With a mind for ethics and a heart for equality, disability-advocate Gary Allen is highly regarded and influential in the employment and entrepreneurial sector. Fighting for the representation and inclusion of people living with a disability, we spoke to Gary about his professional journey, the emerging issues present in Australian society, and his pioneering program Enabled.VIP.
ON DISCLOSING A DIAGNOSIS
Choosing to define himself by his career, not his MS diagnosis, Gary excelled in his profession and went from working in politics in 1996 to managing the ethics team at Griffith University in 2003. For over 20 years, Gary has now worked in research institutions, state and federal government departments and research ethics committees across Australia, Canada, Vietnam and the United Kingdom. “At the risk of sounding arrogant, there’s probably about three or four people in the country that do the same sort of work I do.” However, leading such a successful professional life whilst living with MS required a level of honesty and vulnerability from Gary in the beginning. “I wasn’t coy about my diagnosis. I know that there are people that have been unlucky with that experience, but I was lucky. Although, when I initially went in for the job interview, I consciously left my cane outside the room. I needn’t have worried though, the university was super cool and very supportive. And they have continued to be along the way.”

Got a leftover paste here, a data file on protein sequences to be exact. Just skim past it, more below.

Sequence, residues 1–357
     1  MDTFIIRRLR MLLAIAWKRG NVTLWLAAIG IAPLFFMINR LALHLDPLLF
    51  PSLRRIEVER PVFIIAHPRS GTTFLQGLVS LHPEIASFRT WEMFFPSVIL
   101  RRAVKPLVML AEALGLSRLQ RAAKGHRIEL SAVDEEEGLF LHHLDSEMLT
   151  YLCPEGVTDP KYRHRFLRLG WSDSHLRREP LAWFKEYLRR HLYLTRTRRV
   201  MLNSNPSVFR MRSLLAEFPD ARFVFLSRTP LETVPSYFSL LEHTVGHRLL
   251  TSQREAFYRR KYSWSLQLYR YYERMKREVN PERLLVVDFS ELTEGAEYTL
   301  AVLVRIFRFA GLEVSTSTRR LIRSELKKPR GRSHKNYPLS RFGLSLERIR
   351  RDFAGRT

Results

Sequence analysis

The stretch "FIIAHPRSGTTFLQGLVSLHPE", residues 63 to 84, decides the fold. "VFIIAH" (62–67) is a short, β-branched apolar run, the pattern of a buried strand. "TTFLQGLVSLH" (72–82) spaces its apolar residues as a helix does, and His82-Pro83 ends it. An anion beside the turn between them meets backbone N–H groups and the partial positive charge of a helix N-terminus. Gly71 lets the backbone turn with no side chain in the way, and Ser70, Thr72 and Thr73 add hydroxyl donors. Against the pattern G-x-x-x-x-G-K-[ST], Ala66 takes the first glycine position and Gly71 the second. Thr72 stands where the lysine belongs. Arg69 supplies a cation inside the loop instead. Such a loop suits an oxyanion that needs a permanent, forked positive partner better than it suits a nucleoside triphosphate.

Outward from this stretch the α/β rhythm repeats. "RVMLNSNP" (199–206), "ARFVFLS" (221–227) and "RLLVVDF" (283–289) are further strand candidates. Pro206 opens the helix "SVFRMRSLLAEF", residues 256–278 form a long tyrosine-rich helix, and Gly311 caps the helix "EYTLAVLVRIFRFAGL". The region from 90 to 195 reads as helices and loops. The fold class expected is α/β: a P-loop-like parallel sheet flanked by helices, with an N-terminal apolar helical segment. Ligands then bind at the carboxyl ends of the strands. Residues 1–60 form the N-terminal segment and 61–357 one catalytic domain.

Taking insight from his own experiences, Gary is a big believer in being upfront and going through the process of educating your potential employer about your diagnosis. “One of the things I say to young people is ‘would you even want to work for somebody who is so ignorant that they don’t actually understand or care?’ If a person is relapsing-remitting, there are going to be exacerbations; there will be symptoms present. If you’ve already had that conversation with your employer, then it’s much easier to say ‘I’m having a bad day. I need to take some leave or make some changes for a while.’ If you haven’t had that conversation, then you haven’t laid that supportive groundwork,” says Gary.